Submitted to: Physiologia Plantarum
Publication Type: Peer Reviewed Journal
Publication Acceptance Date: May 13, 1997
Publication Date: N/A
Interpretive Summary: Mycoherbicides are being considered as an alternative to standard control measures for coca production. Leaves of Erythroxylum coca var. coca (coca) are the primary source of the drug cocaine. Very little is published on the response of coca leaves to stress, especially considering the social and economic impact of coca cultivation and cocaine production on the producing and consuming nations. We report here some of the responses of coca leaves to stress induced by the plant hormone ethylene and fungal proteins. The fungal proteins induce ethylene production by coca leaves and also kill plant cells. The insight gained into the physiology of the responses of coca leaves to stress factors could be useful to scientists in developing better control strategies. This would include the development of strains with enhanced pathogenicity using molecular genetic manipulations involving fungal proteins.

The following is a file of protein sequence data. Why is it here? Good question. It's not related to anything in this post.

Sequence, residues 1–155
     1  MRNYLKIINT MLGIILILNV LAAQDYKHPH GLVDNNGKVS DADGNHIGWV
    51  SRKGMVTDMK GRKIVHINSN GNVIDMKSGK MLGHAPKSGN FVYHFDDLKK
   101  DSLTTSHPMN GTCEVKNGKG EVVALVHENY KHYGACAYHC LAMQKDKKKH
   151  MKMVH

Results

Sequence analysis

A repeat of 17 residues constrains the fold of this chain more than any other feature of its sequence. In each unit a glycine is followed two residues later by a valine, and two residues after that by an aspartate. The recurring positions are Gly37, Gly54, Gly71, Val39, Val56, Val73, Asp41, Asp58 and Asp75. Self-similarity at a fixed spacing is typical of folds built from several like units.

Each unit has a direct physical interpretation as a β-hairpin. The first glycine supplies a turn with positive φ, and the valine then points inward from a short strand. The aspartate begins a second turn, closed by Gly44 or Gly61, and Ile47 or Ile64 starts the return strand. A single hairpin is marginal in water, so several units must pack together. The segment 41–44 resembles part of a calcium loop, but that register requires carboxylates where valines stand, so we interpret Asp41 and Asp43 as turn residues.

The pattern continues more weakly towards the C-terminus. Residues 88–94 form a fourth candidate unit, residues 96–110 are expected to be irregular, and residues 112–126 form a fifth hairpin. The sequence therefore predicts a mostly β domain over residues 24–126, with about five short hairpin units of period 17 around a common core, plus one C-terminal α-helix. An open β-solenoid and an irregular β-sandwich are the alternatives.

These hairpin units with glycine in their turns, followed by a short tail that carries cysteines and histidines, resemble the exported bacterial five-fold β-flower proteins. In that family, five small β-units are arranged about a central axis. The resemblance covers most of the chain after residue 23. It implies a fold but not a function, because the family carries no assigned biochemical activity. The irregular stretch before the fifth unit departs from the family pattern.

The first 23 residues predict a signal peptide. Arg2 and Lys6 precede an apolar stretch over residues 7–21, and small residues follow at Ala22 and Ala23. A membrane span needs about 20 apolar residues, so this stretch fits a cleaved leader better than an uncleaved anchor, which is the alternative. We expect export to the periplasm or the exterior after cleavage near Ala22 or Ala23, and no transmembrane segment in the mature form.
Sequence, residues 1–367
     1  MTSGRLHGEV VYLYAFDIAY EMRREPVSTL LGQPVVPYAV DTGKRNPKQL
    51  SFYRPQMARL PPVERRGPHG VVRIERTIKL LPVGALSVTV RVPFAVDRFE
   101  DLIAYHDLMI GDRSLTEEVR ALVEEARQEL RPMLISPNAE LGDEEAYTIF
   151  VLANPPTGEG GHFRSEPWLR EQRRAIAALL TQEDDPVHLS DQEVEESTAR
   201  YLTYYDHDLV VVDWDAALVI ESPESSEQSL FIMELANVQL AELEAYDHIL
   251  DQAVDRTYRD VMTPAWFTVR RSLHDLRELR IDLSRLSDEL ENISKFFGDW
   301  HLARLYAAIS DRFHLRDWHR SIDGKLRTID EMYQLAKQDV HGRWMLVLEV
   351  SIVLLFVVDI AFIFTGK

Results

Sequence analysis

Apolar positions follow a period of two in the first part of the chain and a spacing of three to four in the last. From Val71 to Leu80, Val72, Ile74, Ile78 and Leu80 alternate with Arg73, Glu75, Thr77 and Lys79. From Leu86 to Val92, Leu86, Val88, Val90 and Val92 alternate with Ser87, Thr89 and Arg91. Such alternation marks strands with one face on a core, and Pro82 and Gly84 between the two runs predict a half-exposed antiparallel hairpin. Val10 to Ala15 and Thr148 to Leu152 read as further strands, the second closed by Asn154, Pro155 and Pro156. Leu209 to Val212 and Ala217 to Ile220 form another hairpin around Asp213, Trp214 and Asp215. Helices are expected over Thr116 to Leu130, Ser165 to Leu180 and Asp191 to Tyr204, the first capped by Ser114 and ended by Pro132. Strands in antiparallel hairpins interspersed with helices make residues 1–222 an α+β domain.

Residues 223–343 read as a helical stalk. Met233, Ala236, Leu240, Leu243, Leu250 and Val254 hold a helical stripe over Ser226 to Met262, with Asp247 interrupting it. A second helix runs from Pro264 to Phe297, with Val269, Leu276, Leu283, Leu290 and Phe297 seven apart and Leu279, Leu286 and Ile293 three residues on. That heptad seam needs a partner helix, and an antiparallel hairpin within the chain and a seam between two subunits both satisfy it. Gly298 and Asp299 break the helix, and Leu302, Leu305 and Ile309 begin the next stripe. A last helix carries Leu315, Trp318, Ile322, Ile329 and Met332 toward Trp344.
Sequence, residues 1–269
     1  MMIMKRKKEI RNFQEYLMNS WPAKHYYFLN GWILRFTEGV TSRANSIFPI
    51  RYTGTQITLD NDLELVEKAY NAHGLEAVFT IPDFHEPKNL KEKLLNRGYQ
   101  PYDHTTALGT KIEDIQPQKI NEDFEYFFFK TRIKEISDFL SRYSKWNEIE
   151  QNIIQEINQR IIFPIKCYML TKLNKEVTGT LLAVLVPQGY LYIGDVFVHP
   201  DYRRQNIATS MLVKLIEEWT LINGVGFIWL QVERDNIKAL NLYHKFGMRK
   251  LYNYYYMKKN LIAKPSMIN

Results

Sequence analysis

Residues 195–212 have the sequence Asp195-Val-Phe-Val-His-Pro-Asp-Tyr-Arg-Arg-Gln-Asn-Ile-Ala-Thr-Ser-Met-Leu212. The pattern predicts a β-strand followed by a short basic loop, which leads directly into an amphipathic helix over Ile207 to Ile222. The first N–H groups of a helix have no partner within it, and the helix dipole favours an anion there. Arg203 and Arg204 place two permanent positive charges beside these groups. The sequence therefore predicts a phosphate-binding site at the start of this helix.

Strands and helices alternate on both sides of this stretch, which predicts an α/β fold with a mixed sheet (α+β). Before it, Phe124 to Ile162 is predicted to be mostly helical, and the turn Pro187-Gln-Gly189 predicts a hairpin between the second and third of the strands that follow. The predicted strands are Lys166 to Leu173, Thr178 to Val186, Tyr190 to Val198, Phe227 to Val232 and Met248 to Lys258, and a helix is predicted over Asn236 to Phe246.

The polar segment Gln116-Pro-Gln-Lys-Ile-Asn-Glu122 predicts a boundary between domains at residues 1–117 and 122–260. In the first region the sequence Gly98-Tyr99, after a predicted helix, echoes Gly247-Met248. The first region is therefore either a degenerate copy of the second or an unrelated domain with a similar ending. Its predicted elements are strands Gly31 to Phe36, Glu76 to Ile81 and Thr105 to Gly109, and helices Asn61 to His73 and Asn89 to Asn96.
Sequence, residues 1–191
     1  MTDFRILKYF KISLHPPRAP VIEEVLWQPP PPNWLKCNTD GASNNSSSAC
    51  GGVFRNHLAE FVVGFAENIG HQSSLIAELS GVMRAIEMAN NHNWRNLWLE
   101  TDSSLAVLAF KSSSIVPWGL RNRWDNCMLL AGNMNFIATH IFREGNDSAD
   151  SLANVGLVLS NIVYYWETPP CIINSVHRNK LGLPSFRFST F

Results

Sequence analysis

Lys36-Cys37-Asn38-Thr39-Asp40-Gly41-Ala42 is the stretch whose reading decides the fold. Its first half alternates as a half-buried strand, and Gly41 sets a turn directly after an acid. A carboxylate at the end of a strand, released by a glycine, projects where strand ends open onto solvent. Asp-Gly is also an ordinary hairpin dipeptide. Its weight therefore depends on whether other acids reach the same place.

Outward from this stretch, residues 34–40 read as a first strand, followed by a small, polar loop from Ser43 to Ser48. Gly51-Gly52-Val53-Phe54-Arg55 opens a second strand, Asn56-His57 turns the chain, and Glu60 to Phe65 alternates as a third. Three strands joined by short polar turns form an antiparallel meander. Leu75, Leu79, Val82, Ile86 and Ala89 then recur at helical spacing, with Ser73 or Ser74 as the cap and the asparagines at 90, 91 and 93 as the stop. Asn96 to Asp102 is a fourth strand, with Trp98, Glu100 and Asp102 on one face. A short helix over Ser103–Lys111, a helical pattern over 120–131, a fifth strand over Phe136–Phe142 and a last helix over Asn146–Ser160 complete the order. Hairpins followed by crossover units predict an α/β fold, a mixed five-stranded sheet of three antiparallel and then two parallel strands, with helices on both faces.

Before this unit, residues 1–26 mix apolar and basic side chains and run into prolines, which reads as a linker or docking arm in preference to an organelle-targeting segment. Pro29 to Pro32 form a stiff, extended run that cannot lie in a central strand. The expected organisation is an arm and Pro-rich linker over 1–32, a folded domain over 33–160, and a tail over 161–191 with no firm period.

Technical Abstract: Leaves of Erythroxylum coca var. coca (coca) are the primary source of cocaine, and there is interest in using Fusarium oxysporum as a mycoherbicide to control coca production. Deleafing coca plants stimulates rapid production of new leaves, and the young expanding leaves readily abscise in response to ethylene. Commercial enzyme preparations as well as a 24 kDa protein from Fusarium oxysporum induced significant levels of ethylene production by coca leaves. None of the proteins in the commercial enzyme preparations were cross-reactive with the antiserum to the 24 kDa denatured protein. Ethylene pretreatment of coca leaves enhanced the ethylene response of the leaves to the commercial enzyme preparations, Driselase and the 24 kDa protein. However, ethylene pretreatment did not enhance the rate of necrosis induced in response to either Driselase or purified 24 kDa protein. Driselase failed to elicit levels of necrosis comparable to the 24 kDa protein even at 30 fold higher protein concentrations. The response of coca leaves to the 24 kDa protein saturated at 6.7 micrograms/mL. The age of coca leaves influenced both the level of resulting necrosis and the amount of ethylene produced in response to protein. The very young leaves produced the highest levels of ethylene and necrosis in response to Driselase and the 24 kDa protein. The insight gained into the physiology of the response of coca to stress factors should be useful in designing better control strategies.